It’s been an interesting path from Rutgers to vet school to private practice and back into academic veterinary medicine. Without the foundation from my time in the animal sciences program at Rutgers, I doubt I’d be in this position today. When I graduated from K-State, I already had plans to return home to start a practice in my home town. What started out as an ambulatory large animal practice (just me, my dog Cody, and a toolbox full of supplies driving my old pickup truck from farm to farm around South Jersey) has grown into a multi-location, multi-doctor, mixed animal practice. When I started to get involved with the vet school project at Rowan a couple years ago I didn’t do so thinking I’d be making a career change back into academia, but the opportunity to participate in the start of such a unique program that’s so needed in our state wasn’t something I could pass up.
When and how did you become involved in the process that’s led to the launching of the first school of veterinary medicine in New Jersey?
Several years ago, Rowan began to explore the idea of starting a veterinary school and reached out to the New Jersey Veterinary Medical Association (NJVMA) for input. I was the NJVMA President at that time, so I was involved in those initial discussions. I’ve been able to develop a strong network of other veterinary professionals in NJ during my years in practice and my experience serving as a site visitor for the AVMA’s vet school accrediting body gave me insight on the need to establish and maintain a veterinary program, so I became more and more engaged in the project. I started as a consultant for Rowan during the feasibility study portion and after a year or so of that it was decided that the project was truly moving forward. I was offered the Founding Dean position at that point and started in that role in June 2021.
Broadly, what were some of the challenges you and colleagues faced in bringing this vision to fruition?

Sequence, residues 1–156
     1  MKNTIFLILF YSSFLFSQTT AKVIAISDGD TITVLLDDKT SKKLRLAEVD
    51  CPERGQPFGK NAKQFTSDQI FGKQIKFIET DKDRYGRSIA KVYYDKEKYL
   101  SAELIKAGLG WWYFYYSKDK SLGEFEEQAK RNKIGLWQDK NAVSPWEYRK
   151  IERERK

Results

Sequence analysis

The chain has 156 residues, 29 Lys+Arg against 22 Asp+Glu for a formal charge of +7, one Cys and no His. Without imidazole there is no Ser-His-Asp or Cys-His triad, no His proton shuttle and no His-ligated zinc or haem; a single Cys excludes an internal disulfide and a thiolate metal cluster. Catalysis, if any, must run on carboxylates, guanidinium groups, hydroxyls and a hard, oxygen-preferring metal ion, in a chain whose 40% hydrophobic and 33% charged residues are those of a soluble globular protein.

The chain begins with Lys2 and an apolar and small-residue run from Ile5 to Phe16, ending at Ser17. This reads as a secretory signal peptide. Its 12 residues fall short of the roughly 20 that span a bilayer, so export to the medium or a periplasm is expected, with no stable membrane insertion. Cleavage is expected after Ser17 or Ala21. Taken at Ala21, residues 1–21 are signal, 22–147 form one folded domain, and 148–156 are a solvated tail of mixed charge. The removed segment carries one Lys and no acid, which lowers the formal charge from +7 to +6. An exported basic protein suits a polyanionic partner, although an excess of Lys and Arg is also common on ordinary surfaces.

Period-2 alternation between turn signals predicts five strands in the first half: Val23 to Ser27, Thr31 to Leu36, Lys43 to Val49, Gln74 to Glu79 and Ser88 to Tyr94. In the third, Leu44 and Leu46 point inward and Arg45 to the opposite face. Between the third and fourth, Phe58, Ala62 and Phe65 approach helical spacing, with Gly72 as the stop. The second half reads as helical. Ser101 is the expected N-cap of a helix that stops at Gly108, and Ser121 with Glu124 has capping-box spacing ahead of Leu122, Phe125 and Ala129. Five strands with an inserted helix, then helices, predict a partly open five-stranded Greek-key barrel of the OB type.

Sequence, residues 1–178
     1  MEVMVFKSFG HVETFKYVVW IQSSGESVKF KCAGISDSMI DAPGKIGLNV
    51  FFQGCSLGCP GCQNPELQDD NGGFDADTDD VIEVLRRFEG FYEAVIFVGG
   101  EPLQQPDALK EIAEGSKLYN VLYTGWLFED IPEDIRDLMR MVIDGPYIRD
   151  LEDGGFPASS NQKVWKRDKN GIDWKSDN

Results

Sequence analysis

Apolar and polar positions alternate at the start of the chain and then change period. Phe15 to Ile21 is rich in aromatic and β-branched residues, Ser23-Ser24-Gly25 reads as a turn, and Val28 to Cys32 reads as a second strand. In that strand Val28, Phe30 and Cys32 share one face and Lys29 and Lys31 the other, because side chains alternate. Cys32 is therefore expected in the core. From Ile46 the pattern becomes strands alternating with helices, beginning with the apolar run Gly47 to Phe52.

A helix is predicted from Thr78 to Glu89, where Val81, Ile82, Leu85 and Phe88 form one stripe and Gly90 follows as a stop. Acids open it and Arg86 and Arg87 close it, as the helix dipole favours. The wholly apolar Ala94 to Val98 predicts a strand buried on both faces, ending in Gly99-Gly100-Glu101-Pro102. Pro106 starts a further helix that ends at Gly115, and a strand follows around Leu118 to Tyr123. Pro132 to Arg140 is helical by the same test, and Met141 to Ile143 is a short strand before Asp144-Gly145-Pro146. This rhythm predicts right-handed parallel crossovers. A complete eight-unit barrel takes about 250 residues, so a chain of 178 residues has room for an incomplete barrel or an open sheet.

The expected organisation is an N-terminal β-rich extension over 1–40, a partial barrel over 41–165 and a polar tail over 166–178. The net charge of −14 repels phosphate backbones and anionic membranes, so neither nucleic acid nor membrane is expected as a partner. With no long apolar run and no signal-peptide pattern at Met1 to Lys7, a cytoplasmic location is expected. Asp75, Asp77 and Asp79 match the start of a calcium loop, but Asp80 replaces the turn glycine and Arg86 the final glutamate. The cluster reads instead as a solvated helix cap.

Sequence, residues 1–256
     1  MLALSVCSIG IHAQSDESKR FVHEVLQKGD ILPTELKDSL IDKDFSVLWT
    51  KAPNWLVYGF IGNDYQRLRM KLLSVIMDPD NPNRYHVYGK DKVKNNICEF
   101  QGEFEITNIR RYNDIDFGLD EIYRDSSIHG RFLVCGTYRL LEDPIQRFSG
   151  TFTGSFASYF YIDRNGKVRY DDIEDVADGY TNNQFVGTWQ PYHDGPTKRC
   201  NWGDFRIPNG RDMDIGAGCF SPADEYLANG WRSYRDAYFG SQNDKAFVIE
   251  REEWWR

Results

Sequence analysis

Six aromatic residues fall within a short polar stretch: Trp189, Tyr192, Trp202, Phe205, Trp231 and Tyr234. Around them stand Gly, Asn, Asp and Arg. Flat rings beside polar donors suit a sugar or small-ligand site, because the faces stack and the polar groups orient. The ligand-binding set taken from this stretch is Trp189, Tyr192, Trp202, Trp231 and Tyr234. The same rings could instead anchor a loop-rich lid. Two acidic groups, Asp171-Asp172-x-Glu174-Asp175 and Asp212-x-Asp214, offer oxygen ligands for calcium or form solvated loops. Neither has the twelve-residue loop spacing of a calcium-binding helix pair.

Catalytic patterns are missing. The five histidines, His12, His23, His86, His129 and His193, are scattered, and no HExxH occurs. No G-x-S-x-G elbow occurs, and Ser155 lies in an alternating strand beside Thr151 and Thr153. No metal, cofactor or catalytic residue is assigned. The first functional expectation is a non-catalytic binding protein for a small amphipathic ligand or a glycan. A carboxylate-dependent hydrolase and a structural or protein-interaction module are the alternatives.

There are endless challenges to starting a program of this scale and we’ll continue to have more as we progress. Most of the newer veterinary programs in the U.S. are distributive, meaning most of the student clinical training is provided at partner facilities outside of the school itself. We wanted to keep more of the clinical experiences in-house, which involves not only starting a school but starting a teaching hospital as well. The recent $75 million commitment from the state has alleviated some of the funding challenges. We’re planning a hybrid program where the majority of the clinical experiences will be in our large and small animal teaching hospitals with a smaller portion of the clinical experiences at outside clinical partner sites. Keeping the cost of veterinary education affordable for students is challenging as well, but that’s something that’s always in our minds while planning every aspect of this program.
Can you describe the impact of the founding of the first such school in the state?
For too long, New Jersey residents have had to compete for limited out-of-state seats and pay much more expensive out-of-state tuition rates in order to attend veterinary school. Student debt and a shortage of veterinary staff are both major issues in our profession right now. Offering an in-state tuition option will help to reduce student debt for graduates and keep those new doctors in New Jersey when they finish their program. I think this will be a great addition for our state, both from an education standpoint and for the clinical resources and research opportunities it will provide.
Can you share broadly what’s planned for graduates who wish to enroll?
We’re planning a full spectrum of veterinary educational programs from entry-level A.S. programs in veterinary technology, B.S. programs in veterinary technology (management and clinical tracks), M.S. and Ph.D. programs in Veterinary Biomedical Science, the Doctor of Veterinary Medicine degree programs and post-graduate specialty training (specialty internships and residencies). Accelerated degree programs such as a joint DVM/MBA with Rowan’s Rorher College of Business are already in the planning process. The veterinary technician program will be managed by Rowan College of South Jersey in partnership with the veterinary school and is planning to admit the first cohort of technician students in 2023. We’re hoping to admit our first DVM cohort in the fall of 2025. In all cases, those dates are pending approvals from the associated accrediting bodies. We’ve already had many interested applicants reach out for more details, but we’re still in the early stages and don’t have any more specifics just yet. We’ll be posting updates to the school’s website at www.rowan.edu/svm for those who are interested in finding out more.